Changing Perspectives charts the pivotal period in Houston’s history when Jewish and Black leadership eventually came together to work for positive change. This is a story of two communities, both of which struggled to claim the rights and privileges they desired. Previous scholars of Southern Jewish history have argued that Black-Jewish relations did not exist in the South. However, during the 1930s to the 1980s, Jews and Blacks in Houston interacted in diverse and oftentimes surprising ways. more... about Changing Perspectives: Black-Jewish Relations in Houston during the Civil Rights Era
Vol. 4: Fort Worth Stories
Published: February, 2021 Pages: 320 Features: 50 b&w illus. Notes. Bib. Index.
Fort Worth Stories is a collection of thirty-two bite-sized chapters of the city’s history. Did you know that the same day Fort Worth was mourning the death of beloved African American “Gooseneck Bill” McDonald, Dallas was experiencing a series of bombings in black neighborhoods? Or that Fort Worth almost got the largest statue to Robert E. Lee ever put up anywhere, sculpted by the same massive talent that created Mount Rushmore? Or that Fort Worth was once the candy-making capital of the Southwest and gave Hershey, Pennsylvania, a good run for its money as the sweet spot of the nation? more... about Fort Worth Stories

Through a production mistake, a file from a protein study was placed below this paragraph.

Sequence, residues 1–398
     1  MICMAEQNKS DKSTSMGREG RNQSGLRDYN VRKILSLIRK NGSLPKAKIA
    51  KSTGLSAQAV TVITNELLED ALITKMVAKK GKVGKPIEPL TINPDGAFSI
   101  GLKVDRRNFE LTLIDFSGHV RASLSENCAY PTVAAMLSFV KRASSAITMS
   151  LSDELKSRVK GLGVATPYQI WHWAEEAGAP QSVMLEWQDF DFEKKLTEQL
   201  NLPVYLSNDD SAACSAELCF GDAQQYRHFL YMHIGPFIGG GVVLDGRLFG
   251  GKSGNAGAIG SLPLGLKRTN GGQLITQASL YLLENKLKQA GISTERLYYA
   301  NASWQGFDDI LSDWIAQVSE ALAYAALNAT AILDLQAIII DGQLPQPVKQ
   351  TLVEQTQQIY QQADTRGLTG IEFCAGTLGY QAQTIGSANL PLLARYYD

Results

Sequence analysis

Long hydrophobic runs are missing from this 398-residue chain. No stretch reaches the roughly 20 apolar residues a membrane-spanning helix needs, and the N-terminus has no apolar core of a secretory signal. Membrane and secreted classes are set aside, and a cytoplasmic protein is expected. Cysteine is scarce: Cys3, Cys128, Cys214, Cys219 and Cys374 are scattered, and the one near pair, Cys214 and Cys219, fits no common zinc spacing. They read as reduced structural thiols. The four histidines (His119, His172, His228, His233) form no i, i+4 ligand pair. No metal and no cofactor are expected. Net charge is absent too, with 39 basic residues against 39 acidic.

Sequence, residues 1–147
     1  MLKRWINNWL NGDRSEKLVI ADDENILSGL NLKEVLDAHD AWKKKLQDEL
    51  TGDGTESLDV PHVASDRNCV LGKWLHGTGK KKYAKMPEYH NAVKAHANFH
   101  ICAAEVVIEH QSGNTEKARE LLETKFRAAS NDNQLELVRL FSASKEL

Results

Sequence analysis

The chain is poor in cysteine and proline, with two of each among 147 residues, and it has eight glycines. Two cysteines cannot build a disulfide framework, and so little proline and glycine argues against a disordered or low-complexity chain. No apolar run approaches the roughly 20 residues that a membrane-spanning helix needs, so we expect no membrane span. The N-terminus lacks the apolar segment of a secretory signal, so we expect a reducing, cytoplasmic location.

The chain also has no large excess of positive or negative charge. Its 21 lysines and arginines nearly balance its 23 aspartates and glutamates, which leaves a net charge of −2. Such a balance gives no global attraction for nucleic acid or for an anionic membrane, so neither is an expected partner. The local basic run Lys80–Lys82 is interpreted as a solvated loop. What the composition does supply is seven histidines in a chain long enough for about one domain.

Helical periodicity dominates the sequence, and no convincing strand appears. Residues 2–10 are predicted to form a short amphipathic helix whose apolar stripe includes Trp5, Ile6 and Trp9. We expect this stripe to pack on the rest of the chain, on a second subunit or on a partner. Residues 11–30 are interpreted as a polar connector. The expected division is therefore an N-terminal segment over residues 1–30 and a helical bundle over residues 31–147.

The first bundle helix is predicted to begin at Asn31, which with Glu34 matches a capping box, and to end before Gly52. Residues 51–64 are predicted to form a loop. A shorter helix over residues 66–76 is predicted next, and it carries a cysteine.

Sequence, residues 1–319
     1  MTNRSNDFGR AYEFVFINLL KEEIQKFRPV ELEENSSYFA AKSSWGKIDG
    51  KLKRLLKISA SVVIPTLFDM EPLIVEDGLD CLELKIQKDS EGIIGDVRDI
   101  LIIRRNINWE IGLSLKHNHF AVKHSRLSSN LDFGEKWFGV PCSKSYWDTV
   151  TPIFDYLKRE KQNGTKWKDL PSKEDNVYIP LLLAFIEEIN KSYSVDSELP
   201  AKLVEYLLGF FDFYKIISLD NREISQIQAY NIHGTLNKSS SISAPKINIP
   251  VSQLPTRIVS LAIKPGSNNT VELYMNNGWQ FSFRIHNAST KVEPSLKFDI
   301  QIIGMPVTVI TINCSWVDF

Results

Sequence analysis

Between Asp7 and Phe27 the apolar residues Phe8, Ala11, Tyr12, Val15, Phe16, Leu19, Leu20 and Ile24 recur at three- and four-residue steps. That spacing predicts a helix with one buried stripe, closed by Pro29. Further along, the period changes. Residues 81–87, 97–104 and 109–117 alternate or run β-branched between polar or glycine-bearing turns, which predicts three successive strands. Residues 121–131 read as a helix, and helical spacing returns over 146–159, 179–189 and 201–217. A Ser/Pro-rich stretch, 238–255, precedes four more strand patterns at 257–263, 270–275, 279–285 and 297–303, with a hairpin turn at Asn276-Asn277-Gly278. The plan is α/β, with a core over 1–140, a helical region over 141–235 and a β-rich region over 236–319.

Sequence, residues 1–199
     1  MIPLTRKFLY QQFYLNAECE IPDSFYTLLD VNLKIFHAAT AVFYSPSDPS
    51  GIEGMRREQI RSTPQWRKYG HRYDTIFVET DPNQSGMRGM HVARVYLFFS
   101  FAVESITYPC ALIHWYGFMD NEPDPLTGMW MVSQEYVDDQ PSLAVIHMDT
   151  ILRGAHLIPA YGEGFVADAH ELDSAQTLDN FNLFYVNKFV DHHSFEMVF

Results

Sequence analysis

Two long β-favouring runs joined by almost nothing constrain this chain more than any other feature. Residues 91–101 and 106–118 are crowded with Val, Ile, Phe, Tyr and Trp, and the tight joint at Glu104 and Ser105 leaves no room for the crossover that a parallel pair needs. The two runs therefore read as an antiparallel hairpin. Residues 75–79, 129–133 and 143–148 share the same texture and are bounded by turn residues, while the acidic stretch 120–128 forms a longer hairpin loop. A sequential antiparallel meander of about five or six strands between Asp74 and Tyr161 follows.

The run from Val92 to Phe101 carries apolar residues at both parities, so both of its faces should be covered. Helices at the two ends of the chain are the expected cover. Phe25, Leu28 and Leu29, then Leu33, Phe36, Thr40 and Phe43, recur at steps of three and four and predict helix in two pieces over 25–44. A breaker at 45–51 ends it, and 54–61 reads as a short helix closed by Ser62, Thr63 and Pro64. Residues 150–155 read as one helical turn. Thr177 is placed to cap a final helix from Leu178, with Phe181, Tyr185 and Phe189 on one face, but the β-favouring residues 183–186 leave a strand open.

Vol. 3: Adolphe Gouhenant: French Revolutionary, Utopian Leader, and Texas Frontier Photographer
Published: October, 2019 Pages: 464 Features: 30 b&w illus. 2 maps. Notes. Bib. Index.
Adolphe Gouhenant tells the story of artist, revolutionary, and early North Texas resident Francois Ignace (Adolphe) Gouhenant (1804-1871). Gouhenant was selected by well-known Icarian communist Etienne Cabet to lead an advance guard from France to settle a utopian colony in North Texas. The community, beset by hardships, ultimately scapegoated Gouhenant, accused him of being a French agent, and expelled him. He then journeyed first to Fort Worth to teach the federal soldiers French and art, and next to Dallas, where he founded the town’s first arts establishment in the 1850s. Gouhenant set up shop as a daguerreotypist and photographed the town’s early residents. His Arts Saloon was the scene of many exhibitions and dances but ultimately became the high stake in a nasty battle among Dallas’s leading citizens, setting legal precedent for Texas homestead law. more... about Adolphe Gouhenant: French Revolutionary, Utopian Leader, and Texas Frontier Photographer